I've been really fortunate out here to have really active roommates and friends, so most weekends, I've been able to get out and see the land. Here are some photos of last weekend...

This is the decent down the Black Canyon of the Gunnison. In 1 mile, we dropped 2000 feet. I crawled the entire thing back up. Probably the longest 2 miles of my life.

At the bottom of the canyon, we wandered around a bit. We were the only people that attempted this route this winter season. While we slid down the snow, I wondered if we'd get back up alright. We would also create these small landslides of about 4 feet in length. That was kinda scary. I'd imagine that us humans have caused quite a bit of erosion in the canyon from the miny landslides.

Today was cool. I randomly got certified to administer CPR and AED. Oh yeah, that's another thing... If the opportunity arises and it don't cost too much, go get taught how to do CPR, AED, and First Aid. It's all common sense, but it can really help your fellow brothers and sisters. Sure would've helped during that spate of hit'n'runs in Rhode Island last summer. You might recall seeing the video of that man that got hit by a car in the city. No one did anything for a good minute and a half.

I can't write anymore; I started listening to music. Here's some photos near my home.

This was taken a little ways up Steven's Gulch, a piece of Forest Service land about 5 miles from my home. I live down the hill from here in the valley between the mountain I'm standing on and the two mountains in the distance.


Monday, February 2, 2009


My bad. Haven't blogged in a while. I'll try to blog soon. But hopefully this exchange in conversation will give you a good idea of the town I'm living in.

Guy in bike: Ahh, what a beautiful day in Paonia...
Guy in car: Yeah? What'd you do today?
Guy in bike: Ate some toast.... and... listened to Flogging Molly.

Tuesday, January 27, 2009

High Country News


Anyone that may or may not be reading this: I encourage all of you to check out High Country News on the Web at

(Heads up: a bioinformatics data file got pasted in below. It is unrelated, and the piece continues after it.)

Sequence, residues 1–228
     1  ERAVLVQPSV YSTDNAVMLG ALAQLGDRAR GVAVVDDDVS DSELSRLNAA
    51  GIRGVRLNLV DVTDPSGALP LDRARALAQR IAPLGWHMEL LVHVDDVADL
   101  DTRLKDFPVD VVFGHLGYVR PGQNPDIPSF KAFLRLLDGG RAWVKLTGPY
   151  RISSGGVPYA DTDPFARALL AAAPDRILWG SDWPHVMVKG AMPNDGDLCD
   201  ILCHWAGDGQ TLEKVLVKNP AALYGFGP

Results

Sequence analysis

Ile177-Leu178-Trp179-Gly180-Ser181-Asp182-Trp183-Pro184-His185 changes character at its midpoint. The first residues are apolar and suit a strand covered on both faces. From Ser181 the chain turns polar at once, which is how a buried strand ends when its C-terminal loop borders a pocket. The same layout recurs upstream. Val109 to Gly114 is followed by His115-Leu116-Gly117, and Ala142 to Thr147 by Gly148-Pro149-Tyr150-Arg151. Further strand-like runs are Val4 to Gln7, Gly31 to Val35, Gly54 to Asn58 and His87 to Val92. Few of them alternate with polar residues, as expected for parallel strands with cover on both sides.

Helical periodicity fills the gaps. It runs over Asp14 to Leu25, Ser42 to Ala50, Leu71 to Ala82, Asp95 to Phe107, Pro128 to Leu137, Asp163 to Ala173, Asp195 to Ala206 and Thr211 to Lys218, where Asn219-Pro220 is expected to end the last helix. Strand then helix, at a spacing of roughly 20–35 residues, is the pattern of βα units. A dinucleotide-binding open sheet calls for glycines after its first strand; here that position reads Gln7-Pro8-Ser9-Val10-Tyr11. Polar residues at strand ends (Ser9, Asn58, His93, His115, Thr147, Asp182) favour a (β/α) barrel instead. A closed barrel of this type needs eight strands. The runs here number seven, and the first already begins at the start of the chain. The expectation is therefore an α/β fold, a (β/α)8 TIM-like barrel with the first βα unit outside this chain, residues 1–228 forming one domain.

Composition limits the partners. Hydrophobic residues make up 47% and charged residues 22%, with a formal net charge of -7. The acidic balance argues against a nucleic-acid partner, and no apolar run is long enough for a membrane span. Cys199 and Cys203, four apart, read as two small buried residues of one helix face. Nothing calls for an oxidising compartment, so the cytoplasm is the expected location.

It's a great news magazine that explores issues of the American West. It focuses mainly on natural resources and the cultures surrounding them. A lot of cool investigative stuff. So if you care about nature and what it has to offer, make sure to check it out. Spread the word! Let me know what you think.

I've been blogging a little for The GOAT Blog, which is a part of the HCN website.

We do on the ground reporting...

Boots of Spanish Leather

Dominguez Canyon area.

Around here, people know where you've been by the mud on your boots. This weekend, I took some of our recycling to Grand Junction, which is about an hour and a half West of Paonia. On the way back, I dropped in on the real Dominguez Canyon area. I hiked about three miles in but still didn't see the petroglyphs everyone's been talking about. It was getting dark, so I hiked back out. Definitely an area worth going back to. My boots were all covered in red mud when I got back, and people knew almost instantly where I was.

me and the cool bridge.

And for the past few days, I added a layer of gray mud to my boots. That's from visiting a farm after a couple days of unexpected rain. The farmers at White Buffalo Farm showed me around and we chased Daffy (the duck) around for a while. There's been a bobcat that's been catching some of the birds on the farm, so they wanted to help Daffy out and put him in a safe place. We never caught him while I was there though.

Pretty landscapes you don't get to see on the East Coast.

The boots I brought out here are usually what I wear for longer backpacking trips back East, but out here, they're good for everyday use. They feel like tennis shoes now; I've worn them every day. It's either been snowy or icy here, so they've come in handy.

Weirdest rock I ever did see.